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save $ w/R rather than RW?

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save $ w/R rather than RW?

Postby ironword on Mon Aug 04, 2003 3:47 am

A dumb newbie question, but I poked around for awhile and didn't see an answer. Here's the deal--I'm not a heavy burner; I don't fileshare; I use CD-Rs for backing up semi-permanent data. My regular backup system involves zip disks (which I've got plenty of), not CDs, so again I'm no big CD-er.

I've been using the burners in my college computer lab for my occasional needs, but as you can imagine, using a burner on a computer somewhere else gets annoying even for a sporadic user like me (it forces me to transport three or four zip disks at the very least). So I'm going to bite the bullet. Problem is, I'm on a student budget, so I'm thinking that maybe I could just settle for a CD-R rather than an RW.

However, it doesn't look like anyone even makes burners anymore that are only R's. But maybe there are still a few CD-R burners in warehouses out there for rock-bottom prices. If that's the case, which models should I be searching for? (I don't know how a big question that is--I realize that it may be unanswerable, but I ask in case it's common knowledge among insiders that there are still lots of one particular model hanging around because of overproduction or something.)

Of course, given the post by Intimidator about the $10 burner from Office Max ("Get them while they are hot!", July 27) maybe there isn't much money to be saved by getting an older burner that only does CD-R...but I'm a stereotypically starving student, and every penny counts. And at the same time I want the best, most rock-solid performance I can get: no underruns at spec speeds, no trouble with long filenames, etc. I'm willing to budget enough dough for the top-quality product, it's just that I don't want to pay for any frills--and given my current needs, RW is a frill.

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Postby Bhairav on Mon Aug 04, 2003 5:46 am

Going to be tough. The last non-RW drives I can remember are the Plextor 8/20 SCSI. Then again, if you buy that, you'll probably have to invest in a SCSI controller card, and they are not cheap.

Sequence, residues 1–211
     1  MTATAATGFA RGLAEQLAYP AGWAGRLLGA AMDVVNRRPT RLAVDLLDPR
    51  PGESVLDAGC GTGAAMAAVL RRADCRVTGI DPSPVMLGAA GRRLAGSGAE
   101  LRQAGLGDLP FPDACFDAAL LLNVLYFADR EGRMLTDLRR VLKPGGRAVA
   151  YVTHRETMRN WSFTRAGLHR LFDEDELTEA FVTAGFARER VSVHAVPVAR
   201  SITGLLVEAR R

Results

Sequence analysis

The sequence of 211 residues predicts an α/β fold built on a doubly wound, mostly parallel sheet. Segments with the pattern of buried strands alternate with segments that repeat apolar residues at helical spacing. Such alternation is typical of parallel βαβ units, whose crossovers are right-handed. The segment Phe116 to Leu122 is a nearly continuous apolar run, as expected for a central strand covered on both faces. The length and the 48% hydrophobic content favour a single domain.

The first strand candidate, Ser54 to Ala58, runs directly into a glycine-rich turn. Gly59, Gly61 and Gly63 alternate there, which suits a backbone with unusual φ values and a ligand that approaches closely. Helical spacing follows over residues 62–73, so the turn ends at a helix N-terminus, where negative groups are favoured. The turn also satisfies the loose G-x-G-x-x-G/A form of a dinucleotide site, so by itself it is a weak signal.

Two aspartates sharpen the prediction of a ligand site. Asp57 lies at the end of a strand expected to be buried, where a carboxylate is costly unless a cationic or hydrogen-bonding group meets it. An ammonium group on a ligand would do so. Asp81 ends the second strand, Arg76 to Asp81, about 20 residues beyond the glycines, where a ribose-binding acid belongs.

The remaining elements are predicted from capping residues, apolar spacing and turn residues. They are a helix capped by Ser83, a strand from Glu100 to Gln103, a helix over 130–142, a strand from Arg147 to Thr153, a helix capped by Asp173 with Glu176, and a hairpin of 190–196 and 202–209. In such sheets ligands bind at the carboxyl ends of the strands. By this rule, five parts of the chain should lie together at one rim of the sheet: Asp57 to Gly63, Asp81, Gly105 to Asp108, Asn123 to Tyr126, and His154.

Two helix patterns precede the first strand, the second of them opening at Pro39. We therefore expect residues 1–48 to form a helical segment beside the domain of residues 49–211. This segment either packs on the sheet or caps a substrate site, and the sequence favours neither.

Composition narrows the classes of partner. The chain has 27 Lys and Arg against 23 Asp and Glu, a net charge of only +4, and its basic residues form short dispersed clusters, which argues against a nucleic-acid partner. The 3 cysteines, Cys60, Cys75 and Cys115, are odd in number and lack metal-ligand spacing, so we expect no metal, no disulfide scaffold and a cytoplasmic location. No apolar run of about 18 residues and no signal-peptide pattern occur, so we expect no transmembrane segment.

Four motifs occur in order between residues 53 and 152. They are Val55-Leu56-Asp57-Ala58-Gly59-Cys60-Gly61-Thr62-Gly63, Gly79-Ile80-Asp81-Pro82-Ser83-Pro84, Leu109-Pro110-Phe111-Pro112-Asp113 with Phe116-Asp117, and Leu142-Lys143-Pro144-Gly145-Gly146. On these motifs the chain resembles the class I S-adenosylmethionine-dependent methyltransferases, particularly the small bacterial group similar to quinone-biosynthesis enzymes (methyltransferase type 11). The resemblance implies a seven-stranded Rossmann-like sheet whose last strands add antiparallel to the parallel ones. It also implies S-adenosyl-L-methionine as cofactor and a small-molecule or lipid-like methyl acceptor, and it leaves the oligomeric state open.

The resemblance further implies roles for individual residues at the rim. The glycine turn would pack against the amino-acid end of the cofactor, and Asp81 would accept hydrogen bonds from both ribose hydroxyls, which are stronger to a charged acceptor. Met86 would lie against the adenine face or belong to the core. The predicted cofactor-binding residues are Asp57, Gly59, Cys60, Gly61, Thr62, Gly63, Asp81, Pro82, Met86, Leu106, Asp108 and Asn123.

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Postby Intimidator on Mon Aug 04, 2003 8:48 am

As far as I know they do not even make CD-R burners anymore. You are much better off getting a CDRW. Why? As you stated you carry around 4 zip, I assume 100MB disks. When you could be carrying around ONE 760MB CD-R which is 7 zip disks.

If you look at it this way the time and effort that you spend creating a 4 or 5 zip disks compared to ONE CD-R, is amazing! You could burn all your files onto ONE CD-R much quicker than you can when you are dealing with several zip disks. Now any time that you can save while you are in college, all the better.

If you want all that buffer underrun protection then you want some fairly new. This technology was not around at that time as far as I know.

If you watch the sale flyers on Sunday you most likely will find some deals. If you don't want to wait for a sale then I would recommend to order one from newegg.com:

http://www.newegg.com/app/ViewProduct.a ... 14&order=1

This is the Lite-On section, however there are many more to choose from here:

http://www.newegg.com/app/manufactory.a ... g=5&DEPA=1

Something else to keep in mind is when transporting many files not EVERY computer will use a ZIP disk. The CD-R is much more universal because pretty much every computer will have a CD-ROM.

Just make your life easier and you will enjoy college so much more! Trust me I have done this before. I currently teach a local college and use burned CD-R's for my lectures. There seems to be NO zip disks on campus.

Good Luck!
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Postby CDRecorder on Mon Aug 04, 2003 12:11 pm

I'd say that it isn't worth it trying to buy an older burner; you can actually probably get a newer one for less money.

If I'm remembering right, OfficeMax has the 52x24x52x KHypermedia CD-RW drive on sale (after rebate) for $10.
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Postby dolphinius_rex on Mon Aug 04, 2003 2:33 pm

Older burners will not burn new media very well, they can't compete with the newer burners for writing quality, plus the speeds at which they burn are usually not supported by today's media types. Not to mention the fact that older (assuming used) burners will die quicker then a brand new one
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Postby ironword on Mon Aug 04, 2003 10:27 pm

Thanks to all for the advice, and to Intimidator for the links. I'll check them out, though I will probably wait for a sale.

Again, the input is much appreciated--

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